The CP desk rocks. Simple as that. Those men and women, our "angels", are the best in the business. Once a FF gets a taste of the personalized service CPs are afforded they never want to go back to being "only" gold, or any other level. A search on the US forum will bring up numerous instances of a CP being saved by the CP desk. For instance, on Tuesday I was heading out on a 10 day/4 city/3 carrier trip. I had difficulty checking in on AC, which after a call to the CP desk I realized was due to the fact that it was a paper ticket (which I hadn't yet received.) All I had to tell her was "I'm at the AC counter and they can't find my reservation" and she immediately spouted off my flight number, ticket number, the fact that it was a paper ticket, when and where it was mailed. I was instructed to head down to the US ticket counter (luckily in the same terminal) to fill out a lost ticket application while she called and gave them the heads up. The ticket agent, while very friendly, gave me completely different information than K* on the CP desk had. I was now told that I had to purchase a new ticket it I wanted to get on the plane! While my corporate travel desk wasn't too pleased with this, they went ahead and purchased the ticket.

As I'm sitting on the plane 20 minutes before departure my phone rings...it's K* from the CP desk: "Ms. shell nyc, are you on the plane?" When I confirm that yes, everything is ok, I made the flight she replies "The Newark desk was wrong. They should not have charged you for a new ticket. I'm so sorry. I went on a break and came back and saw what they did..." I replied that it was all ok, I'm on the plane, the agent gave me the forms to fill out and fix this later. "No, it's not ok. It was wrong, and it was a hassle, and you don't need that. I'm going to call revenue and see what we can do to fix this. I'm really sorry."

This is just one example of the kind of service US offers to it's CPs. This is why I will continue to fly them despite the dirty planes, deteriorating F service, closing of clubs, and all of the other things they are doing wrong right now. I believe that if they keep the highest elite tier at 100K/100 segs (and keep the CP desk), the comped HP Plats will find a way to fly the extra miles to requalify year after year. It really is worth it folks...
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Old May 12, 05, 8:07 pm   #10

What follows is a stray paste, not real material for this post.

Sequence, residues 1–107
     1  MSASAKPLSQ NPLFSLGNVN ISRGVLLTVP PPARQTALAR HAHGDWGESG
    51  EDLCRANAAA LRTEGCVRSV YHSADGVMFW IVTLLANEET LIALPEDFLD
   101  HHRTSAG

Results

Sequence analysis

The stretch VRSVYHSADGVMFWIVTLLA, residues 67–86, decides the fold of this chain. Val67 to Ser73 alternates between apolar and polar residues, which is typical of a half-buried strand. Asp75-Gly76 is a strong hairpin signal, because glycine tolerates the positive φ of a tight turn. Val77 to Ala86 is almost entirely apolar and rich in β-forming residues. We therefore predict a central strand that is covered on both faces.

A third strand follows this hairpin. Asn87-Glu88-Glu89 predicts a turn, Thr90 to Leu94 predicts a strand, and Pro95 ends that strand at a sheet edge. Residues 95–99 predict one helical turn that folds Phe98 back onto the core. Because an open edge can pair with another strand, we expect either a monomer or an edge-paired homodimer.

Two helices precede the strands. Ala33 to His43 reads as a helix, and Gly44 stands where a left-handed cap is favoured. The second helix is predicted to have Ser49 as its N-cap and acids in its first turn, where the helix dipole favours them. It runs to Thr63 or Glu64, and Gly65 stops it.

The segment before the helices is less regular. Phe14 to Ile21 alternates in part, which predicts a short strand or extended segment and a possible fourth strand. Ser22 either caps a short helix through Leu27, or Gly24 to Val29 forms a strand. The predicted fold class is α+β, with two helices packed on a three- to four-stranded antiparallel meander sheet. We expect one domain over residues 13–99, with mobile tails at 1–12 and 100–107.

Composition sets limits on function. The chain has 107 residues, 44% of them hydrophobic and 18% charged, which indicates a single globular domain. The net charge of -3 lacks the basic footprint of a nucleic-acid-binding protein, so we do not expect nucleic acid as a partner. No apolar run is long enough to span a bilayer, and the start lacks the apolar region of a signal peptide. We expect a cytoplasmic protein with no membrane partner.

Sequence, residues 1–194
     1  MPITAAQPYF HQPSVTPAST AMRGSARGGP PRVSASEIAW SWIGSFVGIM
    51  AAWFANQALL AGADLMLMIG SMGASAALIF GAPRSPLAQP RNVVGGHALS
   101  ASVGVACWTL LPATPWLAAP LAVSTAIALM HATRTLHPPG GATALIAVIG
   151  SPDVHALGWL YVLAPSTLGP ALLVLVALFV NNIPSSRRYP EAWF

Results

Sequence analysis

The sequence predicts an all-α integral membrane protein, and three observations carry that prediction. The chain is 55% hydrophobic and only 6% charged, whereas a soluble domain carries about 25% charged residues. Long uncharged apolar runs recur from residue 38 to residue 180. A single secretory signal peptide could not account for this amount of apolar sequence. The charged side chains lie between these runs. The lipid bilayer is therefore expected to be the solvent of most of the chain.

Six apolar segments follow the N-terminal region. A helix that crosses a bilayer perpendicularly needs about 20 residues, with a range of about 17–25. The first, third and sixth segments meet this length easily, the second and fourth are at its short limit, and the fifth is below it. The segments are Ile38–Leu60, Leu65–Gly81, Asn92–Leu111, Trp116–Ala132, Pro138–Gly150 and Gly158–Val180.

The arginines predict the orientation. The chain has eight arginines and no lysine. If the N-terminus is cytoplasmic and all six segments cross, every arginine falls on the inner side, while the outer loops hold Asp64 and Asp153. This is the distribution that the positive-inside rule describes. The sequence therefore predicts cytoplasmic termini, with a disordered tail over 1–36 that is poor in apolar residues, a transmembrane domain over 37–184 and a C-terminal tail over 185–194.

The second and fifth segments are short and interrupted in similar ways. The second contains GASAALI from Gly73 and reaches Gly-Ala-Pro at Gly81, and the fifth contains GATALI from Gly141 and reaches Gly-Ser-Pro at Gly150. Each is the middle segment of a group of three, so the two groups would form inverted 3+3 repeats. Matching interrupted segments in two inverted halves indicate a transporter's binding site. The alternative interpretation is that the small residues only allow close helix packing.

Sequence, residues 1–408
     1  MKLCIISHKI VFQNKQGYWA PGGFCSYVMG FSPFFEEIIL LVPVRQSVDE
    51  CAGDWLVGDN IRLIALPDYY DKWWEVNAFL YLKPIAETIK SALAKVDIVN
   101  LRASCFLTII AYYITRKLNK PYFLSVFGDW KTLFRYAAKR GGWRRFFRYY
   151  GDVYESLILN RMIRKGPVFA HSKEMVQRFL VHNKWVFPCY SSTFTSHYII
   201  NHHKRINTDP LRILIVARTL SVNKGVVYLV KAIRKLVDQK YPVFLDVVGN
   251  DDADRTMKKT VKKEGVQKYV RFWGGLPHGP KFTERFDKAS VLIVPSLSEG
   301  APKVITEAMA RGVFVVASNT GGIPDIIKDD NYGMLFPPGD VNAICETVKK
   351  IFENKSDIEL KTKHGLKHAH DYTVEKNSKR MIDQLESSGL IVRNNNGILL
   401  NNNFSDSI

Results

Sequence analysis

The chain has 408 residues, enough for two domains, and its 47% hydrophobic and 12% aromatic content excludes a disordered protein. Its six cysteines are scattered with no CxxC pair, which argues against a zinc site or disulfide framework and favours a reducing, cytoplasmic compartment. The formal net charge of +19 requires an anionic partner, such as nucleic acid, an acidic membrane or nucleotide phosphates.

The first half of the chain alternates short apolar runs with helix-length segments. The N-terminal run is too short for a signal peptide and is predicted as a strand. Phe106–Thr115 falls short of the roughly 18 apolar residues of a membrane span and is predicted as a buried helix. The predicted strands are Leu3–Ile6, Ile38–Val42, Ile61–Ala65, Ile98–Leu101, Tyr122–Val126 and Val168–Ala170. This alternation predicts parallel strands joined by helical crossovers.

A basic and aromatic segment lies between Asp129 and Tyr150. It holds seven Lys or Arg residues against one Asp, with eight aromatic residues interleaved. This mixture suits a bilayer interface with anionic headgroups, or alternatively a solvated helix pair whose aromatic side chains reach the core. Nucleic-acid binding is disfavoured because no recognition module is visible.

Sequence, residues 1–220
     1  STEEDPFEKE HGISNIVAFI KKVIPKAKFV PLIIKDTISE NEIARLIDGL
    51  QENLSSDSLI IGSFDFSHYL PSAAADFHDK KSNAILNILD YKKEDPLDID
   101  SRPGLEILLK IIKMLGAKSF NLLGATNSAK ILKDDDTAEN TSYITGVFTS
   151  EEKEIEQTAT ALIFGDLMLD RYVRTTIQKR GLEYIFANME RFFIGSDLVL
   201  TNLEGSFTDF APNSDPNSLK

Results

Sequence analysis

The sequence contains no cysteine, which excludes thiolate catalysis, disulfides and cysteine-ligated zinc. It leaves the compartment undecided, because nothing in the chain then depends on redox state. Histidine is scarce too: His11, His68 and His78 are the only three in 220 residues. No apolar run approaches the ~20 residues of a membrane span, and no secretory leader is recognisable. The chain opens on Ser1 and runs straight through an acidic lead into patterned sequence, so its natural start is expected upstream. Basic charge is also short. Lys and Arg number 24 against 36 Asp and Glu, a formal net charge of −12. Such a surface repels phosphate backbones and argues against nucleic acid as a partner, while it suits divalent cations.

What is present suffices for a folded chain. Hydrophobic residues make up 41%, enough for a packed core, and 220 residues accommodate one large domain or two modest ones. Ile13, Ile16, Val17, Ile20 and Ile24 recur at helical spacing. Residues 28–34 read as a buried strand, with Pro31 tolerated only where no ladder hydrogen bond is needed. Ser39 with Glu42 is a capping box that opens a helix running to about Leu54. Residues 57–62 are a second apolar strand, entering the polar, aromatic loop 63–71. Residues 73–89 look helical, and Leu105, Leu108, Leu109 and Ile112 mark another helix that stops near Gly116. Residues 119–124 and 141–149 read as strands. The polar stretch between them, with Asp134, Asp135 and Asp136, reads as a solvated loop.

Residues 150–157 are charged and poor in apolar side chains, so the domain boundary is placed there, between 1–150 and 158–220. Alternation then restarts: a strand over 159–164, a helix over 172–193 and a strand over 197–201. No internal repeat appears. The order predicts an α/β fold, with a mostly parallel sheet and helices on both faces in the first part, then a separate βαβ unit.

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Quote:
Originally Posted by AZ Travels the World
I hope they don't. I hope they base it on how many miles you flew in the prior year OR your pace in the current year. To give all HP Plats the CP status would seriously degrate the benefits of that level and likely overwhelm the service system in place.

What I think would be fair: If you flew 100K+, you're obviously in. If you're a current HP Plat and on pace for that this year you're also in for the balance of the current year. They could take last year's numbers and say, perhaps, anyone over 87,500 (half-way between 75K and 100K) will also get upgraded to the CP status for the balance of this year.

Beyond that, they could set up a challenge system: Sign up and fly at the pace for 3 months and you'll get the status.

Given that it would take a while to combine the frequent flyer programs and re-allocate resources into the right areas, I think that just giving everyone at the current HP Plat level the CP status would be a big mistake, unless, by the time they get a deal done there are only a couple of months left in the year anyway, in which case it wouldn't matter a great deal.

True, but US Airways is notorious for its studies of Chairman's Preferred members. They pretty much analyze who are the big spenders within the CP level. I have a feeling that US Airways is going to convince HP to only grant CP status to those who have either spent lots of money on the airline or have flown close to 100,000 miles. Of course, HP will most likely favor the idea thinking that former Plats will now have an incentive to spend more money to reach the new highest level.
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Old May 13, 05, 12:42 am   #11
 
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Quote:
Originally Posted by abeflyer
Let’s look at a merger rationally.

Parker has said that the airline industry needs consolidation and that HP will participate in this. HP is big in the west. US big in the east. US is about twice as large as HP and flys to 15 cities in Europe profitably.

Now US management and cost structure were in the pits and management floundered. Therefore the second bankruptcy, which was lead by financial people outside the industry. Along comes merger discussions that can allow HP to triple in size and give Parker what he knows he needs–i.e. a east coast presence and national footprint. Costs are still going down on US as senior employees leave and will continue throughout this year (over 1,000 senior flight attendants alone are leaving). Within the last couple of days, US has proposed parachutes for salaried employees to stay pending any merger (1200 are included that would be laid off)–additional savings. US in its second bankruptcy has been saying wants to adopt the HP model with simplified fares and labor contracts have already been based on HP’s contract.